MODULE 3: DATING AND RELATIONSHIPS
Joins in Queries
Why do we need Joins?
When all the information you are interested in is contained in a single table you are querying then a join is not necessary. Take a look at the following example.
SELECT [id] ,[person_id] ,[start_city] ,[dest_city] ,[flightDate] FROM [flight]
1.) What are the values for the "Person_id" column when you run this query?
2.) How can we tell the names of people who have taken flights?
The flight table does not specify the actual names of people who have taken flights, it just references the person_id. In a situation like this Joins are very useful. A join would allow us to join the flight table to the person table so that we can provide an answer for question 2 above.
Understanding the Database Structure
In order to work with joins properly we need to understand the structure of your database. In the case of the person table and the flight table, we would need to understand how these two tables relate to each other. One way of doing this is to take a look at the Database Diagram.
By hovering over the relationship line that connects the person to the flight table we can see the name of the relationship. Next, to get more information on the relationship we navigate to the Tables folder in the Object Explorer and expand the flight table. Expand the Keys folder which displays each relationship that the flight table has. In our example, it displays the Primary Key as the id field. It also shows the Foreign Keywhich is the person_id field.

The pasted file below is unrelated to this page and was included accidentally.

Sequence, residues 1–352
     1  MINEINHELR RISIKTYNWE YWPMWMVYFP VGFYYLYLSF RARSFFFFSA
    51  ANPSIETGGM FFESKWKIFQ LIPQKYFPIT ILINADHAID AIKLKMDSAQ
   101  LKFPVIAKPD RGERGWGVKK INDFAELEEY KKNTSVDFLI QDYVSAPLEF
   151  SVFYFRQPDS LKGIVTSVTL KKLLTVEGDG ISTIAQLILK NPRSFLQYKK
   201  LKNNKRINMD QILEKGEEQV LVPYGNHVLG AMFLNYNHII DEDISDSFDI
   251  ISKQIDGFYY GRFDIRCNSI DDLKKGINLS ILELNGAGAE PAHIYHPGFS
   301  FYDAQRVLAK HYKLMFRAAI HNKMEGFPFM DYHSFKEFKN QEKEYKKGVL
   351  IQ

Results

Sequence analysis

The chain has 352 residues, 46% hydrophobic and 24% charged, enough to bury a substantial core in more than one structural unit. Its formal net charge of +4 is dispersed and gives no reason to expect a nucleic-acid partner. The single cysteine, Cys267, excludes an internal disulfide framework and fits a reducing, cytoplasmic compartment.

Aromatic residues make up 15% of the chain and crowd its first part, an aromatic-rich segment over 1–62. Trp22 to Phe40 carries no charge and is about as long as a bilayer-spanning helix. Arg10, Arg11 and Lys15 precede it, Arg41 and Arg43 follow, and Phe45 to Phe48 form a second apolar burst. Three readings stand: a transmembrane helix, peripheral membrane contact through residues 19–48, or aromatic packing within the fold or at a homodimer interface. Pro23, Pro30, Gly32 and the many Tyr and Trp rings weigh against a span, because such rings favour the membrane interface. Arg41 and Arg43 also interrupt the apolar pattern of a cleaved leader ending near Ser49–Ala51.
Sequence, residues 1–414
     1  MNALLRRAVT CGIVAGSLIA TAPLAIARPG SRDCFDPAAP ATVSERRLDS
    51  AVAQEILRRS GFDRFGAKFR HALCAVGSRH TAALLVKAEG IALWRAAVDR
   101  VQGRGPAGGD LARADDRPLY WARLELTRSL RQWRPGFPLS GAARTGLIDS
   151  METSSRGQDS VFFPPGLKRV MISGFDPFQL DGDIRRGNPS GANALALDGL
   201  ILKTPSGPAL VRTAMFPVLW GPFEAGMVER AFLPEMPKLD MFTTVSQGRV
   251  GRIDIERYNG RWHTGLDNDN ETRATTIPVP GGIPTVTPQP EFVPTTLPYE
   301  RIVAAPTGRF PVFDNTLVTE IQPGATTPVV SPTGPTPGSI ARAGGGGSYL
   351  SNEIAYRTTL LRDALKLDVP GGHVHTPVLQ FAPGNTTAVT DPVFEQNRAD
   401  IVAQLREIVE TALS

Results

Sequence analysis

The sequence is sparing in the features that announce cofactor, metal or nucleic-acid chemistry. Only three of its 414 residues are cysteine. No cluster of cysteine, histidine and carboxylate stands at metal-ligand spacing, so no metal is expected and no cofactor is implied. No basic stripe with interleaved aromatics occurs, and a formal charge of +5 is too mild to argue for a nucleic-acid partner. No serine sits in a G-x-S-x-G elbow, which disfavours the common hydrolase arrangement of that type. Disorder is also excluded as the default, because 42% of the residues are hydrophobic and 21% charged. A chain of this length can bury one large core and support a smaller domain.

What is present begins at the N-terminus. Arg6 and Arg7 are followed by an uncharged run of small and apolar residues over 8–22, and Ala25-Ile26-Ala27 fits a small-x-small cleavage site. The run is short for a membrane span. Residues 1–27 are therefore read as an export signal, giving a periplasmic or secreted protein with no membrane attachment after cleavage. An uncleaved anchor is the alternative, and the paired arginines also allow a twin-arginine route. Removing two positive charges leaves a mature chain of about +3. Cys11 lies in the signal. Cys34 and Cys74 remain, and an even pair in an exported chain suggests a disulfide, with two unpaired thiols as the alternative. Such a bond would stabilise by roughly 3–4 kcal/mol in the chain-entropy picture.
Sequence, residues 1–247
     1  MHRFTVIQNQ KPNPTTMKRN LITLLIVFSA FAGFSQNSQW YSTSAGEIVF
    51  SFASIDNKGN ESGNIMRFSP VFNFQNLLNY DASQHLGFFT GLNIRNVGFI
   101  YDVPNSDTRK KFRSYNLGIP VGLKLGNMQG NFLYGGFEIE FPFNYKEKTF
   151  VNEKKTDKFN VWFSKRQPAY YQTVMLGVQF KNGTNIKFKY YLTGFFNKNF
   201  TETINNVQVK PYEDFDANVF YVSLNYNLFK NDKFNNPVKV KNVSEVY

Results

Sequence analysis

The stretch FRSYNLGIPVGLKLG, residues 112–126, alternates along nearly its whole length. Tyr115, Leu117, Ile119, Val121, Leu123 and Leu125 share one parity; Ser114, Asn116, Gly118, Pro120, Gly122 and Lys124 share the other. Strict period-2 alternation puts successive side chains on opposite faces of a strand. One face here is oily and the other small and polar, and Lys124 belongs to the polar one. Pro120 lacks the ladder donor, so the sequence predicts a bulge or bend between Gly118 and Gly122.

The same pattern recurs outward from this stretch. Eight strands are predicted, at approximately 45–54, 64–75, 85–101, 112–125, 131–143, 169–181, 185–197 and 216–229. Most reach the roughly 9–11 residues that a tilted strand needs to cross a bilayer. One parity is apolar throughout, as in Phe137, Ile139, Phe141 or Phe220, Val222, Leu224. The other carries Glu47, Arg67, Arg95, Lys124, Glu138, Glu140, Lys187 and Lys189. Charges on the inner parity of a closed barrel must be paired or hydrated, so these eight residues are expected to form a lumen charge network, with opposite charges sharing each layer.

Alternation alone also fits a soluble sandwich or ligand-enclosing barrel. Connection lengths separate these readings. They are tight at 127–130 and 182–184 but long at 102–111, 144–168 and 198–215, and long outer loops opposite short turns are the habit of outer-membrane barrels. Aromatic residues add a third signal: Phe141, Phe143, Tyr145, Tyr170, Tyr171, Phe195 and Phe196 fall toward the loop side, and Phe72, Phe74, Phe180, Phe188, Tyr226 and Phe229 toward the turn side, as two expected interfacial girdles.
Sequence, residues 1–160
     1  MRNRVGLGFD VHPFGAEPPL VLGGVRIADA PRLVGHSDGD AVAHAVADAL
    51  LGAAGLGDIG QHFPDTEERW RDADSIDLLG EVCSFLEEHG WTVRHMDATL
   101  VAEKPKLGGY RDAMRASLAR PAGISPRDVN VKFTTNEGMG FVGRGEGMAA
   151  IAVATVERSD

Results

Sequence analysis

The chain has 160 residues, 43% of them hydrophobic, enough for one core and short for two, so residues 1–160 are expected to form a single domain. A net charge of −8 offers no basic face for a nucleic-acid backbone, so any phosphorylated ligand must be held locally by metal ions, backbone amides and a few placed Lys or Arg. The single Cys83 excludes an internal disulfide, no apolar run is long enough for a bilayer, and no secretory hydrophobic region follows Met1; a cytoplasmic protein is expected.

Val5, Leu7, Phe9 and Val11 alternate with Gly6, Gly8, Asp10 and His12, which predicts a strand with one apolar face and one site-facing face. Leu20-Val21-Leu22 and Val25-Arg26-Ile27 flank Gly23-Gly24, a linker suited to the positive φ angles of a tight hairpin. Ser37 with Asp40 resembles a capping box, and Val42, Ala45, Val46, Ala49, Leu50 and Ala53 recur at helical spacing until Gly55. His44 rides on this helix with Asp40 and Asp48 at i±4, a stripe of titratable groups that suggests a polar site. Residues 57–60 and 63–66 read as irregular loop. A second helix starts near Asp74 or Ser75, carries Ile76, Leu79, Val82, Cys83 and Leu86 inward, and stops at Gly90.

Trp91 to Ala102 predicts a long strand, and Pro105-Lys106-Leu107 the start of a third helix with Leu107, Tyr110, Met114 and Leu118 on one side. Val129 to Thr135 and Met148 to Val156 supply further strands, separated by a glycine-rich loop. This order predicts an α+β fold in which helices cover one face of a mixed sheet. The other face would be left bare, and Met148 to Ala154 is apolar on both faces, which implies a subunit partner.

By right clicking on the Foreign Key and selecting Modify this opens the Foreign Key Relationships dialogue, here we can discover even more information about the primary and foreign keys.
By identifying the column id in the person table is related to the column person_id in the flight table, we now have all the information we need to begin writing our joins.
The query we will compose can now show all the flights that are in the flight table and the names of the people who took these flights.
SELECT * FROM person AS p INNER JOIN flight AS f ON p.id = f.person_id
The above example uses one type of join called an INNER JOIN. After the FROM clause it first lists the person table and gives it the alias of "p". The INNER JOIN (the keyword INNER is optional in an INNER Join) is then specified on the next line followed by the flight table which has the alias "f". Next the keyword ON is used to specify the related fields of the person and flight tables. We have already identified these two fields in the previous section as the "id" field from the person table and the "person_id" field from the flight table. The following syntax is used to associate the two in a Join p.id = f.person_id.
3.) Run the sample query above. What is the result?